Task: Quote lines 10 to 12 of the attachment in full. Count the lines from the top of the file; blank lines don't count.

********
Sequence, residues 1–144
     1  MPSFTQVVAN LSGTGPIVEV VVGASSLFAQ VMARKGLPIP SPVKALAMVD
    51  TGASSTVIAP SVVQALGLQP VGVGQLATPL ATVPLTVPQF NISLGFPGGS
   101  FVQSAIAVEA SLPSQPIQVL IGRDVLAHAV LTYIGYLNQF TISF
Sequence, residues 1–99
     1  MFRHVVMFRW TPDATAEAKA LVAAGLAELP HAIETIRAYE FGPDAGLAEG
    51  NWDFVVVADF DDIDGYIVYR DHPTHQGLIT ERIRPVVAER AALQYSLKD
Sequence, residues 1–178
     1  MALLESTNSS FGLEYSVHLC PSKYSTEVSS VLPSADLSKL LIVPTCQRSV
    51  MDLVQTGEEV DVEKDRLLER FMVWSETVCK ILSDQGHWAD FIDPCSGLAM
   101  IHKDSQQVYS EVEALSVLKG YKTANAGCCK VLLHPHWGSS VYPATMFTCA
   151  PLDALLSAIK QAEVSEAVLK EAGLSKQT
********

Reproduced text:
    51  MDLVQTGEEV DVEKDRLLER FMVWSETVCK ILSDQGHWAD FIDPCSGLAM
   101  IHKDSQQVYS EVEALSVLKG YKTANAGCCK VLLHPHWGSS VYPATMFTCA
   151  PLDALLSAIK QAEVSEAVLK EAGLSKQT